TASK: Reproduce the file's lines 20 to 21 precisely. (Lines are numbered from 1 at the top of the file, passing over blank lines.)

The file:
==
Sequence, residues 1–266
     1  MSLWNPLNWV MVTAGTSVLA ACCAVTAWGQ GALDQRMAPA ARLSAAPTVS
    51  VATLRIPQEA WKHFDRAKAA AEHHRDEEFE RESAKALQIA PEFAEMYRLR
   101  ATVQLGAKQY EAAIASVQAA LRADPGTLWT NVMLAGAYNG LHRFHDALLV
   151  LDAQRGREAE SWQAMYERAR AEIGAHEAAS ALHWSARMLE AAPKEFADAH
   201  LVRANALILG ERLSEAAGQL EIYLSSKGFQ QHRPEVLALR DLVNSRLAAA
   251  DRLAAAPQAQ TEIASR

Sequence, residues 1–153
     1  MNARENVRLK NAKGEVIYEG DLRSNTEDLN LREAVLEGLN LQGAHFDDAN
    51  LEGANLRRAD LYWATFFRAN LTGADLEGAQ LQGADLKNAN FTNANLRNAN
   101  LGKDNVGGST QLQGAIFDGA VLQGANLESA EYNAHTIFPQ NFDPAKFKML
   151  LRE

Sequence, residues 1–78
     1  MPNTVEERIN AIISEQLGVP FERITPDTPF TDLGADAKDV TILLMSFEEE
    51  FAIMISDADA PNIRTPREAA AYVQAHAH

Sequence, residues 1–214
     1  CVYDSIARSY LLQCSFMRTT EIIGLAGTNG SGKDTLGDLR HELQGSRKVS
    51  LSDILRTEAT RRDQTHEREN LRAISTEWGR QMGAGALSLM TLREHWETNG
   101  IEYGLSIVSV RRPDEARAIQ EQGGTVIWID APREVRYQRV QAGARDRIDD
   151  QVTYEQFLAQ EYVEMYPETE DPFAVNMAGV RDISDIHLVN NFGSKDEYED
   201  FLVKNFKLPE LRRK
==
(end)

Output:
   151  QVTYEQFLAQ EYVEMYPETE DPFAVNMAGV RDISDIHLVN NFGSKDEYED
   201  FLVKNFKLPE LRRK